I used, and still use, a 210 Symmar for most of my 4x5 work. You can't go wrong, and will love it for portraits, and LF portraits are about as much fun as it gets.

Film holders. Don't skimp on film holders. I have 30, and there have been days when I have been one short, losing the best picture of the day for lack of the 31st holder. A dozen ought to be minimum.

Get the camera and lens and sit in a comfy chair and just play with all of it in your lap. At our workshops we call is "camera cuddle," to get you familiar with the camera and lens. At one workshop, we had lovely assistants blindfold the students, and they cuddled their cameras, learning where everything was, how everything worked, without having to take their heads out from underneath their dark cloths, so to speak. Everybody loved the exercise. Spend an hour - set a timer, because you'll think you're getting bored, and that's just about the moment that you should double-down and pay attention. Do it watching American Idol.

I developed mnemonics, and may learn to spell that word. For the lens, the switch that opens and closes the shutter - "Up is open," two vowels, "down is closed," Adjacent adjectives. Now I always know which is which. I played and learned to set the aperture on the lens from behind the camera. With practice I could get within a quarter of a stop, and good for seeing depth of field.

I developed a shutter ritual for when I am ready to make an exposure - a set routine of all the little actions to be ready to press the cable release. Practicing the ritual and using it helps make sure I'm not removing the slide with the lens open, or forgetting to set the aperture, or forgetting to cock the shutter. That way, when the light is perfect, the composition is wonderful, and the adrenaline is in full course, I have much higher odds of actually making a negative, and not screwing it up.

Always guess the exposure before you meter the scene - learn to see light, and what it's doing. Learn how consistent, or not, the light in your part of the world is.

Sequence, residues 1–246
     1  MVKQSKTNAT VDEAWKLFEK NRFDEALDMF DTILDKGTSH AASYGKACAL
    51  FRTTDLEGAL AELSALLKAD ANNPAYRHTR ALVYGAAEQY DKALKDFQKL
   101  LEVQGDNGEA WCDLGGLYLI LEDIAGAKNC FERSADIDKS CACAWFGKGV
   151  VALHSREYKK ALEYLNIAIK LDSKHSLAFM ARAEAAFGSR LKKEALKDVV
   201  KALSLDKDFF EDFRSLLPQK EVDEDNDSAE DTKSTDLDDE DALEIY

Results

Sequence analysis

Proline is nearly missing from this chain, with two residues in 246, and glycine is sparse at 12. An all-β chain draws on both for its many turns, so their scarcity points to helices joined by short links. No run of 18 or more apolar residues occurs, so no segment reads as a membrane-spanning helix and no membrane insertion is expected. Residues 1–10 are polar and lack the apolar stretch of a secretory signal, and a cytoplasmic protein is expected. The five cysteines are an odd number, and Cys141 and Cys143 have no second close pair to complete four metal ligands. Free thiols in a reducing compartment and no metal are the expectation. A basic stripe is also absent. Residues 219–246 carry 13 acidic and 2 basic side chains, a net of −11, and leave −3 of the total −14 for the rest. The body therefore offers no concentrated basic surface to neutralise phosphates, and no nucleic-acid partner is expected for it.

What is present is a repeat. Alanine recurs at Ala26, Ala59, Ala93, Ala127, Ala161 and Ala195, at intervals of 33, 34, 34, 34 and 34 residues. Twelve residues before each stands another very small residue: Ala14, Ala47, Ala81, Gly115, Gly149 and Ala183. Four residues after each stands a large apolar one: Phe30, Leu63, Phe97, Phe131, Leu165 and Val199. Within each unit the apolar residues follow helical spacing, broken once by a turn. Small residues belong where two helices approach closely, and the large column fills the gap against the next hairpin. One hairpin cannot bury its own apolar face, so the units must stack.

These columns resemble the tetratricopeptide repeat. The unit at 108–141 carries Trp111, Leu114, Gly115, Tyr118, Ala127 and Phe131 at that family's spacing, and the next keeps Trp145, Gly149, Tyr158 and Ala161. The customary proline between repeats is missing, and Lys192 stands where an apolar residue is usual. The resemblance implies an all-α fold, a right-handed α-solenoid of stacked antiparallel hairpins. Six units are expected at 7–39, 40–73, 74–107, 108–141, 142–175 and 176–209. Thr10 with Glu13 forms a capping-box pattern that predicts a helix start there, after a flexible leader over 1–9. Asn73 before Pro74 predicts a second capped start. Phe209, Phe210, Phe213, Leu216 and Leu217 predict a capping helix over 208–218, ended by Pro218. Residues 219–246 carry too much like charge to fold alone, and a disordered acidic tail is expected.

Get film, make pictures. Make lots of pictures.

Len Middleton
16-Feb-2014, 08:08
NancyP,

Is this a test for the forum?

I mean you are asking such a personal question regarding individual likes and dislikes, and with little surprise you have a large variety of answers. Given your initial question was on Valentine's Day, are you looking for our personal advice on potentially a more personal nature?? :D

All kidding aside, it is a very personal matter. Like your initial thoughts, I am one of those that prefer the 210 over the 135 or 150. My first lens was a 150, but I oriented more to the 210 and consider it MY normal lens on that format. And as others have said YMMV (Your Mileage May Vary, a common term here), and my choices need not match anyone else's.

I think you have been given some good advice here, although it will be necessary to sort it all out.

Two very excellent bits of advice are:
1. Bruce's "camera cuddle" activity, as you want to know your camera well, before needing to sort it out in the field; and
2. Get out there and shoot learn what you like and find out what you need to know.

It is a great activity, now make your choices and to quote the old Nike motto "Just Do It".

As others mentioned, if you buy well on the used market, then you are likely to be able to return it back to the used market for close to the same money, so good equipment selection errors are minimal.

Good luck, enjoy the ride, and keep us posted on your results.

Len

mdarnton
16-Feb-2014, 09:05
Another vote for something in the 210 range. Large cameras are so large relative to what people are used to that I feel like I'm crowding the subject with camera, tripod, and stuff with anything wider, except in special circumstances.

hoffner
16-Feb-2014, 09:41
I am an amateur and newbie at LF, and would like some opinions on how to get started.
So, I figured that my first lens (4 x 5) ought to be some approximation of "normal", which to me in 35mm terms is 35mm to 60mm, which should be 135mm to 220mm or thereabouts. I see lots of choices in 135, 150, 180, and 210mm.
-

As you can see, all you get is a lot of personal preferences of other photographers. Why don't you make it easy for your own personal view? Make a simple viewing frame and go out with it to the world you live in. And look through it - with one simple view frame you can judge all FLs you like or dislike. The one you will like most will be the one you should go after. And the choice will be done with your own eye, your own taste in your own photographic world. Why ask others about their preferences then?

David Karp
16-Feb-2014, 09:55
Since you like portraiture, consider purchasing a Caltar II-N branded lens. They are made by Rodenstock, and are usually available at good prices. I have lenses from all the major modern manufacturers, including to many 210s. If I am going to do a portrait, I always grab my 210 Caltar II-N.

Heroique
16-Feb-2014, 10:25
As you can see, all you get is a lot of personal preferences of other photographers. Why don't you make it easy for your own personal view? Make a simple viewing frame and go out with it to the world you live in. And look through it - with one simple view frame you can judge all FLs you like or dislike. The one you will like most will be the one you should go after. And the choice will be done with your own eye, your own taste in your own photographic world. Why ask others about their preferences then?